Music streaming specialists Spotify is to introduce new restrictions on its free music streaming service that will come into force once a user has been registered on the platform for six months, halving music playback to 10 hours each month, reports MusicAlly.

Spotify Open originally allowed users to listen to 20-hours of music before restrictions came into place, but under the new rules, members will now only be able to play each track five times before the option to listen to the song is removed and made unplayable.

Curbing free playback will force users to sign up for the Premium account if they wish to listen to music without restrictions, an option that also provides members with the ability to listen to tracks on their smartphone devices with higher quality playback.

Spotify says that the average user won’t notice the difference, with the changes affecting heavier free members. The company also estimates that users will not see songs disabled from selection on seven out of ten tracks. The company has a large and varied music catalog, sometimes providing the track on a number of different albums or in different mixes, so users should not be too disheartened.

To tempt users to its paid option, Spotify will offer a free 30-day trial of its Premium subscription in May.

Earlier in the month, Spotify announced it had reached one million paid subscribers, achieving the milestone in under two years from when it launched. At the time, founder Daniel Ek urged users to help bring their friends to the service, to help boost the 10 million free users reported in September and to raise the number of paying customers the company had registered for its premium services. Today’s changes are one step towards doing just that, but will users want to recommend a service that forces subscriptions on its users?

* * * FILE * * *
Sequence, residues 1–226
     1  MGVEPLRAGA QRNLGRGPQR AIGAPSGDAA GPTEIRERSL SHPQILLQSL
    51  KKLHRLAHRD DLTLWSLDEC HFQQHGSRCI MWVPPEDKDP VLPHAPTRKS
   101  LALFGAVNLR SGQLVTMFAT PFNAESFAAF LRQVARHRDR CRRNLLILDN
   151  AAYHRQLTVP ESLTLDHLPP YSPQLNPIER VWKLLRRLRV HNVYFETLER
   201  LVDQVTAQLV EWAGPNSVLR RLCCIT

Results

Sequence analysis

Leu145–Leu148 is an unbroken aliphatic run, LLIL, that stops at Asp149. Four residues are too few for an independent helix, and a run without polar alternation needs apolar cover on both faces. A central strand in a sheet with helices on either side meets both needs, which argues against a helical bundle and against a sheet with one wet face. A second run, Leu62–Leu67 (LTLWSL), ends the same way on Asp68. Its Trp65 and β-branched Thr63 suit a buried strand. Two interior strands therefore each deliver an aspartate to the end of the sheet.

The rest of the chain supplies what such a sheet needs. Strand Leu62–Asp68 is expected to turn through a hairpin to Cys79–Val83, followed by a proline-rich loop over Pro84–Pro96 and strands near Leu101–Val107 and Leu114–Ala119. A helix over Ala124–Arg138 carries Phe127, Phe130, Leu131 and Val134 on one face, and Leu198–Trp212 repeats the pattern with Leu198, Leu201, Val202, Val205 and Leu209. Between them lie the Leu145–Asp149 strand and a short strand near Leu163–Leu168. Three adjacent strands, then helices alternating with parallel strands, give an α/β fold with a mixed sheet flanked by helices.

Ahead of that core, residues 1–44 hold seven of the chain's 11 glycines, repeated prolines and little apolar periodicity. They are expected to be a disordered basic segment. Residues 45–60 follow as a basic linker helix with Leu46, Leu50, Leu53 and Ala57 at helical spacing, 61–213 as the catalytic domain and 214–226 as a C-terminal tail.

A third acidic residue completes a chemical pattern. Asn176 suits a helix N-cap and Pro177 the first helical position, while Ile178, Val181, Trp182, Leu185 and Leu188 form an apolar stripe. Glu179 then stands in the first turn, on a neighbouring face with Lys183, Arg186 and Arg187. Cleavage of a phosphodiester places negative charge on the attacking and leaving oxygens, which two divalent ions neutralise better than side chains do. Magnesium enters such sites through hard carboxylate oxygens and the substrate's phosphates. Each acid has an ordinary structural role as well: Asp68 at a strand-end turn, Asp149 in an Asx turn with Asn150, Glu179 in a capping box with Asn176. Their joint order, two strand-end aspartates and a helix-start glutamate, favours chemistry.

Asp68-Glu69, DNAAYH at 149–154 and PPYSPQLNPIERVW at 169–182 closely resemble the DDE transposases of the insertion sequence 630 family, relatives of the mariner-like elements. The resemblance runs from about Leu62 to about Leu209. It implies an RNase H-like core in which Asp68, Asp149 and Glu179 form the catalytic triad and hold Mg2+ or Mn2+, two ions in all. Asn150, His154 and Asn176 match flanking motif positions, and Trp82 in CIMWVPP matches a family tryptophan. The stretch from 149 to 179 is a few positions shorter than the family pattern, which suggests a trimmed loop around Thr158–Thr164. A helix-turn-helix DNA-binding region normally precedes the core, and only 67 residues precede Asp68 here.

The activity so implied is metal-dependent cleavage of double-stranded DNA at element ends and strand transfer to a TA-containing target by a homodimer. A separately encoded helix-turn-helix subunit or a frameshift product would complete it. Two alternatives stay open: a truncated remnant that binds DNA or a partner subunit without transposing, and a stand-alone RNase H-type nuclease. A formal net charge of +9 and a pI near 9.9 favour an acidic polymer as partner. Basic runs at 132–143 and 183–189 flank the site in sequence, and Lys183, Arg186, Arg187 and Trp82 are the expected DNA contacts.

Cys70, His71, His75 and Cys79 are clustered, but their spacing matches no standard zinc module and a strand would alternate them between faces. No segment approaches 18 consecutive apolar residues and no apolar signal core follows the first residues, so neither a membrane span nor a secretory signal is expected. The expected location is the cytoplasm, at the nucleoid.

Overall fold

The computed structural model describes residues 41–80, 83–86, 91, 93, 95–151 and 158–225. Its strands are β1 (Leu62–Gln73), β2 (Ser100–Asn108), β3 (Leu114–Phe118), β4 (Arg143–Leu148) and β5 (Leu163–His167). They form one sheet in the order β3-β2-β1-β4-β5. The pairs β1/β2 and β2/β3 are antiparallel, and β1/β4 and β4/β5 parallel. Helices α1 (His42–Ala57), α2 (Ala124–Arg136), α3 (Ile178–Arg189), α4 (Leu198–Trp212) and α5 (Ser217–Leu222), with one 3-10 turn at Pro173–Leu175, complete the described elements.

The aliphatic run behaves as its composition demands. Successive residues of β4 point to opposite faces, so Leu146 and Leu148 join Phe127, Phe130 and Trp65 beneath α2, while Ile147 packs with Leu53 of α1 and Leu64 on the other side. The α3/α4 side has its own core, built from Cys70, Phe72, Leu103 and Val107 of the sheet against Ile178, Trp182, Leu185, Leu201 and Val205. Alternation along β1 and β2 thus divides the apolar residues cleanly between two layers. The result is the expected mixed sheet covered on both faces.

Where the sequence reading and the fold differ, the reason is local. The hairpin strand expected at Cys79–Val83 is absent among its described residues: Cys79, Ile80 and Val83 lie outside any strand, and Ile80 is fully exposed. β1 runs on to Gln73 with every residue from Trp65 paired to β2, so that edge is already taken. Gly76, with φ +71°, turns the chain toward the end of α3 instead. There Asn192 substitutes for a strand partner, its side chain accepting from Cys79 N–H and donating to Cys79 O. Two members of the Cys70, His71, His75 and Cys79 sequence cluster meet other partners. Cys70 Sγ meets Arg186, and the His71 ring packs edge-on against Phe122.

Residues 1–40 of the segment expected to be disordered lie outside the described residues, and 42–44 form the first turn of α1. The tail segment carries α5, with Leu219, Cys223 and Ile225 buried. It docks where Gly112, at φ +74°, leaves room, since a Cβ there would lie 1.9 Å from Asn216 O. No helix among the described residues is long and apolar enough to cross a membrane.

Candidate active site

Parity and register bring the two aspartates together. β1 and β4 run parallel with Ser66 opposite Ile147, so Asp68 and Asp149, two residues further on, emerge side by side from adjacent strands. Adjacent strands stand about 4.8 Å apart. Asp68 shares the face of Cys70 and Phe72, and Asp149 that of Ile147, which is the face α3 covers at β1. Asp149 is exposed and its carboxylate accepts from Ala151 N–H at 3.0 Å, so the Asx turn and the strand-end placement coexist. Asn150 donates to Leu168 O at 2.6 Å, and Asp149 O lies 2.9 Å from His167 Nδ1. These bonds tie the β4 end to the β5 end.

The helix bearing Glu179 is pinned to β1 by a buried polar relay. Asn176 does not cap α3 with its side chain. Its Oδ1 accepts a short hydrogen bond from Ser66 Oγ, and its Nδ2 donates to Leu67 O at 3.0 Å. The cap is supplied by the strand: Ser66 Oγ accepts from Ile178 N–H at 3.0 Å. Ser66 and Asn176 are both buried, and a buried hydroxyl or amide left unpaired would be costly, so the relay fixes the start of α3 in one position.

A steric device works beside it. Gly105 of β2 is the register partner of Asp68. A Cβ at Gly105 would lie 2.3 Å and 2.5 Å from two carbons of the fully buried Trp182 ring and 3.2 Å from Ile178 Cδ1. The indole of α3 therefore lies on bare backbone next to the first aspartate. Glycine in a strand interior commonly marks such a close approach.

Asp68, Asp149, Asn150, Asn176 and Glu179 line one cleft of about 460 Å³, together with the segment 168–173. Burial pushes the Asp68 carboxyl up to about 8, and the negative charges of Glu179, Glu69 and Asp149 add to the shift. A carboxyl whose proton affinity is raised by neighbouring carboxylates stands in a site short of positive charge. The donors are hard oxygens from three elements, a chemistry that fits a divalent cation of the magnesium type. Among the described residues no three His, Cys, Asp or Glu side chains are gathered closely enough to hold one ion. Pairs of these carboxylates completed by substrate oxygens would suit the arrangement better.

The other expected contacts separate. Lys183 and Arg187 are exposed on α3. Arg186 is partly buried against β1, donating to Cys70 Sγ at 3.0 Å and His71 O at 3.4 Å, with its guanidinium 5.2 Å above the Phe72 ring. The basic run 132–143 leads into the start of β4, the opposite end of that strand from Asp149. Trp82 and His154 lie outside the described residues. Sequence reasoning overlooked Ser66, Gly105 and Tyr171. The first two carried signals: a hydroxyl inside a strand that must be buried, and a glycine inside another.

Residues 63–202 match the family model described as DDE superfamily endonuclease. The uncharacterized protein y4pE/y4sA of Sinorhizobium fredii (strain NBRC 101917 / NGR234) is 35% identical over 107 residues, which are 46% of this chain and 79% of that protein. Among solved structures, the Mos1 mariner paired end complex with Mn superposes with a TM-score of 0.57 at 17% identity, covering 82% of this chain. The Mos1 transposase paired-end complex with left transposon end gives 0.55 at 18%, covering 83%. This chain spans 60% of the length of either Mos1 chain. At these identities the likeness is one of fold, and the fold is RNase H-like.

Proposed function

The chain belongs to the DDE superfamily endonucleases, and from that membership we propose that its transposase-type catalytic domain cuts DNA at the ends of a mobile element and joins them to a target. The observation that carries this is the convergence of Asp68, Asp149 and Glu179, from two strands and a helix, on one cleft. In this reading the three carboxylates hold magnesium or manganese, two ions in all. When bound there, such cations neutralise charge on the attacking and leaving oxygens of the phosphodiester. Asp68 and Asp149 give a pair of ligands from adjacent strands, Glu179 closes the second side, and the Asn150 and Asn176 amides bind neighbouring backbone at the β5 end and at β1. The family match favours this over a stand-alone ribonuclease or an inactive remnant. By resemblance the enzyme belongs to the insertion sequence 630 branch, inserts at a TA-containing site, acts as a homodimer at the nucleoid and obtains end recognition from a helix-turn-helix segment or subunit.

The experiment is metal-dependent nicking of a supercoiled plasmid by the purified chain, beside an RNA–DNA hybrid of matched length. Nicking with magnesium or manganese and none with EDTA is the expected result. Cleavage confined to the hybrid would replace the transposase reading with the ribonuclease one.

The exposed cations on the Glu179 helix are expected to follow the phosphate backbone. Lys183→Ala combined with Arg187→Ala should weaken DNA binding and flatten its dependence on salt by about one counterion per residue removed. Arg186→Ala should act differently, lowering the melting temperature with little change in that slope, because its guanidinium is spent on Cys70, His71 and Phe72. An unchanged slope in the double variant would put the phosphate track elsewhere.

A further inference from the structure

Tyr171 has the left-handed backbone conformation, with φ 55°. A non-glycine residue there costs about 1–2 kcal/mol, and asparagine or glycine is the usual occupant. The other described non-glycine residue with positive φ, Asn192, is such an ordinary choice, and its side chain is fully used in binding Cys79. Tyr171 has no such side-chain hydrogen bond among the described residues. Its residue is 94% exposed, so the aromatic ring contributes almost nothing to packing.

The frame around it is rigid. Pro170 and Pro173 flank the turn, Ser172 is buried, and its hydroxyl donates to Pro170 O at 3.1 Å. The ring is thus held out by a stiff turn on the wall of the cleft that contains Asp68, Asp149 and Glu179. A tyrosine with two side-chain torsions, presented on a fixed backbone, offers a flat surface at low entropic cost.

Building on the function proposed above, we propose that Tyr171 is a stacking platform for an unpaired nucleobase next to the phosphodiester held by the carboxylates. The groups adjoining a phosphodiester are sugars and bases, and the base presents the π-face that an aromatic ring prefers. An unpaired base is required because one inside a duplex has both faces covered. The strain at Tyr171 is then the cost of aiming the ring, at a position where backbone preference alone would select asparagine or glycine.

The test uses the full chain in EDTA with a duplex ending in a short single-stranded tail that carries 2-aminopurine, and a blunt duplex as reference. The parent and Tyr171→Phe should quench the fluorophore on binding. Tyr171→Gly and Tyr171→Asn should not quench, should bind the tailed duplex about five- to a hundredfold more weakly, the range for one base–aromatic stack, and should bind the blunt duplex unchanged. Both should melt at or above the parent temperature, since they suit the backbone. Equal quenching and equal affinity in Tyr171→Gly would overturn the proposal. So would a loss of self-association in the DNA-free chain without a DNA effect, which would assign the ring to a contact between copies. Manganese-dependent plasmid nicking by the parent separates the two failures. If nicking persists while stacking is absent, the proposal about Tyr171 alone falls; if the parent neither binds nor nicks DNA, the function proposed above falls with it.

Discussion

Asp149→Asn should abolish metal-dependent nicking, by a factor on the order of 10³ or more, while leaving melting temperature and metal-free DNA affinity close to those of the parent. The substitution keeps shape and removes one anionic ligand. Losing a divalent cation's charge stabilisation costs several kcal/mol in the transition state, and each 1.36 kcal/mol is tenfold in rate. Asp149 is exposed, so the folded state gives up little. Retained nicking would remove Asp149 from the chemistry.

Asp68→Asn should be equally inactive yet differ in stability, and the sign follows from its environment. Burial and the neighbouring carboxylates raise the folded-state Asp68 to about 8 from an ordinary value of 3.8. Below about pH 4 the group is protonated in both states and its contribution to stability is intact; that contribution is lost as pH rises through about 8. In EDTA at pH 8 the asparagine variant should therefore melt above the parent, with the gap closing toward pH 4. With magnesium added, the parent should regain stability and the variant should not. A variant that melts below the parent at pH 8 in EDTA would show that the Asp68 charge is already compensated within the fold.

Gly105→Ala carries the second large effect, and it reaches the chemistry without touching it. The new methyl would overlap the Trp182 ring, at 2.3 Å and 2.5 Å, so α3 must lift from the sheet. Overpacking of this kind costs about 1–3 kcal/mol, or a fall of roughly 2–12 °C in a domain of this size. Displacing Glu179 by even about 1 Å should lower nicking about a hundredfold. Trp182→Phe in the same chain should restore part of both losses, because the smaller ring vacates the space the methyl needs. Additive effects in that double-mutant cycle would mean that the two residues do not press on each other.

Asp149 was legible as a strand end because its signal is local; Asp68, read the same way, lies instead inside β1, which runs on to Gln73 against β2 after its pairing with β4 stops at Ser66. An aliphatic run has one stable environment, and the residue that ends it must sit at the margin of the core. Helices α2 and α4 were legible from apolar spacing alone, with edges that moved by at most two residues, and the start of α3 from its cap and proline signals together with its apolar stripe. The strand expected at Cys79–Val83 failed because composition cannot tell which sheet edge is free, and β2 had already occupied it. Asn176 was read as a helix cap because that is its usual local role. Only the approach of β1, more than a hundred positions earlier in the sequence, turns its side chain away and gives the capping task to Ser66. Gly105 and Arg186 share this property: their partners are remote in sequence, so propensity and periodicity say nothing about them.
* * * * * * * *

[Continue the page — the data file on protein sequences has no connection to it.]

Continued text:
Spotify has long faced the decision to restrict its free offering, funnelling its users towards a paid subscription. It’s rival, Last.fm has recently introduced a paywall for its music content in an attempt to keep its service running its millions of users across the world. Spotify is looking to enter the US market and will want to appease music labels and investors by increasing its revenue from its music streaming service.

The changes will be met with opposition from Spotify users who will feel they are being forced into subscribing to a Premium account, leaving them with little choice should tracks start to become unplayable. With royalties and licenses to pay for, Spotify cannot operate a free service for all of its users but it could also provide the platform on which it rolls out its service in North America, should the company reach agreements with record labels.